Here’s a good piece on Civil War Reenactments in Texas. It’s well timed too, since my Monday post will be on historical reenactments.
Here in Texas, it’s becoming popular to celebrate the war as the opening salvo in the conservative campaign for states’ rights. Neo-Confederate organizations and pro-secessionists are among the leading groups in organizing Texas’ commemorative events. Their version of history downplays the role of slavery in the Civil War and encourages anti-federal government political ideology. They make no bones about it: They’d be happy to see Texas secede again
“The Sons of Confederate Veterans are the Holocaust deniers of American history,” said Michael Phillips, professor of History at Collin College in Plano and the author of White Metropolis: Race, Ethnicity and Religion in Dallas. “They have undertaken a long and deliberate campaign to whitewash our history—I deliberately said ‘whitewash.’ The Sons of the Confederate Veterans offers a version of history that makes great theater and does shape the public’s understanding of what happened during the Civil War.”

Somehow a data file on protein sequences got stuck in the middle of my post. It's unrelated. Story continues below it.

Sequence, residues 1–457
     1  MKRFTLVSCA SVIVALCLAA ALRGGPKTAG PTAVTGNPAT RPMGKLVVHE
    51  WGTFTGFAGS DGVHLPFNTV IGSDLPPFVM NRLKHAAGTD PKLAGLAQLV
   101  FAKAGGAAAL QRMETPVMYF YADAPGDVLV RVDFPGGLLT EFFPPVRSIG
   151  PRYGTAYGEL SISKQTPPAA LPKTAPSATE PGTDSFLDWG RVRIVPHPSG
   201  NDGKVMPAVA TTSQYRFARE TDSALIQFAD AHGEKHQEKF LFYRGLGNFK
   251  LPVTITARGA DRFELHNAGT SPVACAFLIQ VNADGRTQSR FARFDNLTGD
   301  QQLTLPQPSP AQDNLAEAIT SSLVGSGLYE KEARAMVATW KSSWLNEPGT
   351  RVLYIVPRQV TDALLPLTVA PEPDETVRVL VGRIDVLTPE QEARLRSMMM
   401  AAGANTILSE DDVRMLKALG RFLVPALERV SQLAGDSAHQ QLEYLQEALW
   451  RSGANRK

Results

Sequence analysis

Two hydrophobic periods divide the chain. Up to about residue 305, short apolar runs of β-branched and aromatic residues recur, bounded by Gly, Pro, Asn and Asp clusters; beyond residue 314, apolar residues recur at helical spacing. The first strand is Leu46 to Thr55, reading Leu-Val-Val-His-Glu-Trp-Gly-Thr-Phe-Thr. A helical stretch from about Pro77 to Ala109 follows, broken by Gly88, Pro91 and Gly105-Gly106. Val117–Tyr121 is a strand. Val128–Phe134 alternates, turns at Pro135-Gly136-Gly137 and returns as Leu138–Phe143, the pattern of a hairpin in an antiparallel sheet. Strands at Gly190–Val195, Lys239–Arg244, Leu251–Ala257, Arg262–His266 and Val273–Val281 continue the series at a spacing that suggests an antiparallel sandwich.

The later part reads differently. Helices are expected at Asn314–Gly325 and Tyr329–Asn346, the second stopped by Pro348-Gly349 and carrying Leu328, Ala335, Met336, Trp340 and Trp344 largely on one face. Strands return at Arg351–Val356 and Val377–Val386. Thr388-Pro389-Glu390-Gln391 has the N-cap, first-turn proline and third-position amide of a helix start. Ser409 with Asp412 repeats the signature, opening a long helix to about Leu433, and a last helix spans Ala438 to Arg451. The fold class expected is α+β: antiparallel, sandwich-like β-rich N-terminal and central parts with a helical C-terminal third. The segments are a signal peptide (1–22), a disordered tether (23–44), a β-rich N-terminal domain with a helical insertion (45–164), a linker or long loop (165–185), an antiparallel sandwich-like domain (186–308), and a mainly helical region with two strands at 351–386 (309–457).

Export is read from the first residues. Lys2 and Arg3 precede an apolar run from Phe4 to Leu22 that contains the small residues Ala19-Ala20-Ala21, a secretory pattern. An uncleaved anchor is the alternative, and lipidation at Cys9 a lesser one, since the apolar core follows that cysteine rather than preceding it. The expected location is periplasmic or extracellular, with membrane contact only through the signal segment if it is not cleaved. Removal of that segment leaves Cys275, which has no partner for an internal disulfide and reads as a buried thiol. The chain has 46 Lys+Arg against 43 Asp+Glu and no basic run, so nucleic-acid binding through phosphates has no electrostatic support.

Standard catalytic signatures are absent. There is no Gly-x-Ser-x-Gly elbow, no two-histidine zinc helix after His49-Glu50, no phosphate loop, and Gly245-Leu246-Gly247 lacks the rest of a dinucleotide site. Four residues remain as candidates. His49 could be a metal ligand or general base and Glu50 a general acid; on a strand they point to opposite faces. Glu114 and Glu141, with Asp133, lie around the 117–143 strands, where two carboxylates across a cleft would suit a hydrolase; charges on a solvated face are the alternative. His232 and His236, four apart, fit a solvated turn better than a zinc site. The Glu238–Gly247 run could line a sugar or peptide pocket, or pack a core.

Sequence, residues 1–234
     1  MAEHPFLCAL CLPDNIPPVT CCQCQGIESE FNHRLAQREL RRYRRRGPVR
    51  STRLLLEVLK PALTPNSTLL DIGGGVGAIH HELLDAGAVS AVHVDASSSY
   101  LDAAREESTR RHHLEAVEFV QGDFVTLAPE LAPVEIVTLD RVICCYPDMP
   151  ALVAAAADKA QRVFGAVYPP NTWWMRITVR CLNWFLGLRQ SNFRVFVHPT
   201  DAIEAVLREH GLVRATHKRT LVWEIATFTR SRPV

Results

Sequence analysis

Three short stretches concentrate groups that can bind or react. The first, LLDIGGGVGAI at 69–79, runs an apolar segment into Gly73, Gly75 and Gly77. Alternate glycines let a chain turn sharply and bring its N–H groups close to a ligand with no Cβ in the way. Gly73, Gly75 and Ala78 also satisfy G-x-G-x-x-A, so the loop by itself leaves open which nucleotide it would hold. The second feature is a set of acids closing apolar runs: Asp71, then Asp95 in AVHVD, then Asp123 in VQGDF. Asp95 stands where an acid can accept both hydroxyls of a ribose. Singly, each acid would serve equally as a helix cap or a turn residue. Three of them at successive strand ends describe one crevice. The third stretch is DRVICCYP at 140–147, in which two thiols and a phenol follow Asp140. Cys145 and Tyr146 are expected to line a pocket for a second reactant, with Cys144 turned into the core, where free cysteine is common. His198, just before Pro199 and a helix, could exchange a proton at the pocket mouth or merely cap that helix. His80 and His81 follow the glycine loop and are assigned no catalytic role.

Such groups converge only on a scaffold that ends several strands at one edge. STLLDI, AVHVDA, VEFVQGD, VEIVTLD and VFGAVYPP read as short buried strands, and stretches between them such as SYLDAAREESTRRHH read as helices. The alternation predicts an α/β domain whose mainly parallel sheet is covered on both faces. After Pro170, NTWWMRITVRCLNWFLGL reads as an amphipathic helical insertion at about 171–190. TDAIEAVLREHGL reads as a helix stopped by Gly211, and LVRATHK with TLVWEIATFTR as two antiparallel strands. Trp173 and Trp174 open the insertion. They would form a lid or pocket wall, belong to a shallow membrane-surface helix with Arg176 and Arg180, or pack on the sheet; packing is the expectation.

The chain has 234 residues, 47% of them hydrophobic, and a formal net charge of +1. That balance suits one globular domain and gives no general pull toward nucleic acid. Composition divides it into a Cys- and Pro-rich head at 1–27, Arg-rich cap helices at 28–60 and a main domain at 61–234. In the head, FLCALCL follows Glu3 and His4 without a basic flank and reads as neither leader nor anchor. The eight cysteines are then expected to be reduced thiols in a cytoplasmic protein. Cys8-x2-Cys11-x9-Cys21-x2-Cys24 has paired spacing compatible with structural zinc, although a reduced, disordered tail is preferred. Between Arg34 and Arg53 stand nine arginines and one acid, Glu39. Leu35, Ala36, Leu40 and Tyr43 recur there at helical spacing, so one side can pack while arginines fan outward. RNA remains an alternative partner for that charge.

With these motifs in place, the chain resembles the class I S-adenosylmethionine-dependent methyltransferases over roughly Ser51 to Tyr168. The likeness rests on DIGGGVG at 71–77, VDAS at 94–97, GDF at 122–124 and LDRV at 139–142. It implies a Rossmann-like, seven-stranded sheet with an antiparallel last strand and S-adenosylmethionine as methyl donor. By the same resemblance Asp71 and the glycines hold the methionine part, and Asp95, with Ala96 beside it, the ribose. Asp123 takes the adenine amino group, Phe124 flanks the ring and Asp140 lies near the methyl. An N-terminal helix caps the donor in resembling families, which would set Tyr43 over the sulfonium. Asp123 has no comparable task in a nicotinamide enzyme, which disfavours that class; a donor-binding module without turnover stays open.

North Texas history professor Randolph B. Campbell said each year he faces college students who insist that the Civil War was fought over states’ rights. “Sure, the states’ right to allow slavery,” he said. Campbell has written eight books on the Civil War and Reconstruction, including An Empire for Slavery: The Peculiar Institution in Texas. Campbell said there is no debate about the facts. When Texas broke away from the Union, it issued “A Declaration of the Causes which Impel the State of Texas to Secede from the Federal Union.” The document says Texas “was received as a commonwealth holding, maintaining and protecting the institution known as negro slavery—the servitude of the African to the white race within her limits—a relation that had existed from the first settlement of her wilderness by the white race, and which her people intended should exist in all future time.”
The Texas Historical Commission could be taking the lead on commemorating Texas’ role in the Civil War. By allowing the Sons of Confederate Veterans to use Texas historic sites for its re-creations, the commission gives the impression that the events have tacit approval from the state.